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San Francisco 2008 Nihohmachi Street Fair.

Under here.

February 21, 2009

Odd Duck
Saturday. I wrote myself into a corner yesterday with the Kindle. I do have an aversion to the idea of reading a Kindle or, for that matter, using a laptop in a coffee shop. I'm not sure why. What's the difference in burying yourself in a paper or in burying yourself in an electronic device? You're reading, right? My thought was it had something to do with age and falling out of your cultural niche, but “what”, really, and given a “what”, what's wrong with that?

It took me a long time to buy and then wear my first wide brimmed Borsalino style hat in the seventies when all of the people I worked with would have been horrified had I worn one in their business or personal environments (in the financial business you don't wear hats, particularly anything that might be considered a funny hat) and the people I hung out with personally wore all kinds of hats (with goatees, beards and mustaches to go with them). And I still occasionally think about it when I'm putting one on. A juvenile expression of some kind, this wearing of a hat? I don't react to others wearing hats - broad brimmed, short brimmed, no brimmed - but even now I find myself occasionally feeling uncomfortable when first putting one on (but fine once I'm outside).

What was your reaction the first time you saw someone, say, riding along on a Segway? I had a combination “kid with their new expensive toy showing off” and a “hey, so that's what they look like” reaction. What's that about? Is it like reacting to a fellow high school student that shows up in a new, say, Corvette? Some element of envy? Some reaction to someone else who appears to be showing off? I went to high school with Art Carney's daughter and she drove a new Thunderbird, but without the reaction I'd have had maybe if she were a he. (Art Carney's daughter was a year or two older than I, very cute, a cheerleader and we never had an opportunity to exchange more than a word.) So is it an envy thing that only relates to males? I don't think so, but that's a thought.

Later. A walk down and around the farmer's market area near the Grand Lake theater, the sidewalks and the market quite crowded. I didn't stop anywhere, at any of the coffee shops, mostly because they were all so crowded and then, for some reason, I consciously started noticing the people themselves: eclectic, dressed every which way, wearing hats, not wearing hats, every nationality, ethnicity, economic background and age, all walking along doing whatever it is you do on a Saturday morning in or near a farmer's market. And I'm sitting here thinking whether or not I should wear one or another hat? Hello?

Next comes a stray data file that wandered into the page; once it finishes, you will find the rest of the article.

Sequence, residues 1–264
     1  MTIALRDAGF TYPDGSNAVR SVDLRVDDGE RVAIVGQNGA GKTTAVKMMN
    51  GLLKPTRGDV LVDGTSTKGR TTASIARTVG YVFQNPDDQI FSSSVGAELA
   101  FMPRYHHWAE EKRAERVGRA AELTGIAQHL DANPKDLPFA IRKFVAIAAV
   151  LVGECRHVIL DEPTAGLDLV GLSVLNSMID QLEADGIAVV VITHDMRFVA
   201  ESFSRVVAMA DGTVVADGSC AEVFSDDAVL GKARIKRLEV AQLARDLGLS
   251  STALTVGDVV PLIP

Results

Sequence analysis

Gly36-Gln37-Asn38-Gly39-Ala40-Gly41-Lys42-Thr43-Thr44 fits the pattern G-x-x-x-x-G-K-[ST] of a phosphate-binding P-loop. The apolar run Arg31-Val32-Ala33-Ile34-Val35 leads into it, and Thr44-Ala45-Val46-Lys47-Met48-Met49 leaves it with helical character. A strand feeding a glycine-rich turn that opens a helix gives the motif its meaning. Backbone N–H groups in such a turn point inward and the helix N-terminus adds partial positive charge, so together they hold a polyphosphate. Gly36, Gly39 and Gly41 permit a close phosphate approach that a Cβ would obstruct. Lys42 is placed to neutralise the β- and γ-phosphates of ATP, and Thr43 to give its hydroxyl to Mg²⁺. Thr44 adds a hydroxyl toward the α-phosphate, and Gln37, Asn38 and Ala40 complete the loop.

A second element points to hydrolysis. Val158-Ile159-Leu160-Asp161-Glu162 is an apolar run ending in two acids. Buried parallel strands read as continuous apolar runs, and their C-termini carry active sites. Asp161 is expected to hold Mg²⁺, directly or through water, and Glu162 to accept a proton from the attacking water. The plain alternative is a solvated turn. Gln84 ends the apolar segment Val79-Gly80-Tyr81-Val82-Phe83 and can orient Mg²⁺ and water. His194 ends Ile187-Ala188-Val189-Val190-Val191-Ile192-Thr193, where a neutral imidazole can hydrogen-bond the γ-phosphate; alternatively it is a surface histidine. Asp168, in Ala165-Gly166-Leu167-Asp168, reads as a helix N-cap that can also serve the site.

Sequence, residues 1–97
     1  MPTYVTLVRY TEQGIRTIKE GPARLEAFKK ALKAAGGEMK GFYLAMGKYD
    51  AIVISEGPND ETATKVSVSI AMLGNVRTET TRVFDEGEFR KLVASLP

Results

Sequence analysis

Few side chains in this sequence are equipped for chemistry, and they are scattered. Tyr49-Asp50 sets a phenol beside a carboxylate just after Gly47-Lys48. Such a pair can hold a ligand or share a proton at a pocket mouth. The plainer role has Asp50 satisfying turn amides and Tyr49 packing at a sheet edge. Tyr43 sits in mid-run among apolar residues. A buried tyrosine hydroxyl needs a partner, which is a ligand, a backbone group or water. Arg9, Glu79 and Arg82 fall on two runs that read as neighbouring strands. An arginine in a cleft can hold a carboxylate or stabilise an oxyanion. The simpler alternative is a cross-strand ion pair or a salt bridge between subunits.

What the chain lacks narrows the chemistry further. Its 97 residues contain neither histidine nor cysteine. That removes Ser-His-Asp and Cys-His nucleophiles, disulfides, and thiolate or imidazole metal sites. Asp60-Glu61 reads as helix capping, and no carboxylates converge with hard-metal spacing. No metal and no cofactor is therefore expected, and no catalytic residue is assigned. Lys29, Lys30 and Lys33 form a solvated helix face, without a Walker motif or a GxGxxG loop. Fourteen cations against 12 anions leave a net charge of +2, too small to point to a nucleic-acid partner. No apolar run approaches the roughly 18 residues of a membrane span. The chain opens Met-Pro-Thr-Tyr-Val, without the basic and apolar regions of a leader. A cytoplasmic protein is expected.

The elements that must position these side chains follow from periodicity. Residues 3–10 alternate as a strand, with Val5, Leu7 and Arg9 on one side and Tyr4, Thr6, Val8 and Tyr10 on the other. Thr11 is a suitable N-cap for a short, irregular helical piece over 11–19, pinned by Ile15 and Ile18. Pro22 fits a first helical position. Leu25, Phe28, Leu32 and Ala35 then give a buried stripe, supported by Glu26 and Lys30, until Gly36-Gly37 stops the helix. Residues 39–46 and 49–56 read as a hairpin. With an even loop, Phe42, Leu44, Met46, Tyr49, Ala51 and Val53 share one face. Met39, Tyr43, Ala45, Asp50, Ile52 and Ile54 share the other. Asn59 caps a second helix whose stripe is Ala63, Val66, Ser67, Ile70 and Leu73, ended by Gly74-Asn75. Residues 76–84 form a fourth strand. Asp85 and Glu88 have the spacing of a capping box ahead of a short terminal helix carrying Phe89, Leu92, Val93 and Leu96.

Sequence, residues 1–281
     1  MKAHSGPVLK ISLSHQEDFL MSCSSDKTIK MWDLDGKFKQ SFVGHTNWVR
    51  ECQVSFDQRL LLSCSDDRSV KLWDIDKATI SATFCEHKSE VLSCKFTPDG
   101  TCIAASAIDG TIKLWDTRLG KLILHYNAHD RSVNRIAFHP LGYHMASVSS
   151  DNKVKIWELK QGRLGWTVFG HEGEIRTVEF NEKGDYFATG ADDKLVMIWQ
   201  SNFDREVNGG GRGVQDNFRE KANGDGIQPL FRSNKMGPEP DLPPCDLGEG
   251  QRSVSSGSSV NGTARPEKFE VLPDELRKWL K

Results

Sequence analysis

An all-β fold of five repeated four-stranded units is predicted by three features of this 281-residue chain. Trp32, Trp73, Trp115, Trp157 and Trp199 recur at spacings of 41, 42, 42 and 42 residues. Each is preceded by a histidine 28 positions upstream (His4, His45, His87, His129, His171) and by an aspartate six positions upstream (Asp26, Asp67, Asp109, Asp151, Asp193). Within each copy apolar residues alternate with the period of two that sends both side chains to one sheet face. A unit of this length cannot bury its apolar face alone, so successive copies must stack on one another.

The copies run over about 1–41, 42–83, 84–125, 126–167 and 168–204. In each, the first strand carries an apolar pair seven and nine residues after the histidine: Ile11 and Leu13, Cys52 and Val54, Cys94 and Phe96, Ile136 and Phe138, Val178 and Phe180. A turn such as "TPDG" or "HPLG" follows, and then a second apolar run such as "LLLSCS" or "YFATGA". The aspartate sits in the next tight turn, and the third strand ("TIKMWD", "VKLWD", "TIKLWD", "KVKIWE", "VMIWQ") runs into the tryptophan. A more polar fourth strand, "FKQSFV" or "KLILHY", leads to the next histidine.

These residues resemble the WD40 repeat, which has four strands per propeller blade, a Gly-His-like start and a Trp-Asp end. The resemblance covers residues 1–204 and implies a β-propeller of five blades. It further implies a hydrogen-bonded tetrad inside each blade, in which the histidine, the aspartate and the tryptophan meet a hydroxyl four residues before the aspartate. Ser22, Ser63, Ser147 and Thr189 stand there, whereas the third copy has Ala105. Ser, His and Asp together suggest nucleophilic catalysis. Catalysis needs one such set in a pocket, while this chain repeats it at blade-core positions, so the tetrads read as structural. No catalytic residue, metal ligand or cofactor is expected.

Where exactly have I been these many decades? This multi-cultural exposure has only happened for me in the last forty years, particularly here in the Bay Area. I grew up in mono-cultures, didn't really see any of the outside world until we moved to New York where the cultures changed from one mono-culture to another, suburban living outside a city where a father commuted to work, not a lot of difference between Seattle and New York on the surface, but different enough in reality to throw you out of synch with their subtleties and differences in fact. Changes began in college (which started as a mono-culture but became less and less so as I started experimenting with off the wall newspapers and magazines) and then finally to San Francisco after the army where I saw a great deal more of the world than I understood existed, managing to live and survive if not thrive more happily than I had in the past.

So I guess that's it. From Kindles to hats to my evidently long standing discomforts coming to the fore. Oh, yeah. That guy in the Panama packing a camera? I see him around. Odd duck.

Note: My goodness, it appears subscriptions to The New York Times, The Chronicle and three magazines I subscribe to are available on the Kindle for less than I'm now paying for paper. Am I warming to this “thing”?

The photograph was taken at the 2008 Nihohmachi Street Fair in San Francisco with a Nikon D3 mounted with a 70 - 200mm f 2.8 Nikkor VR lens at 1/1600th second, f 2.8, ISO 200.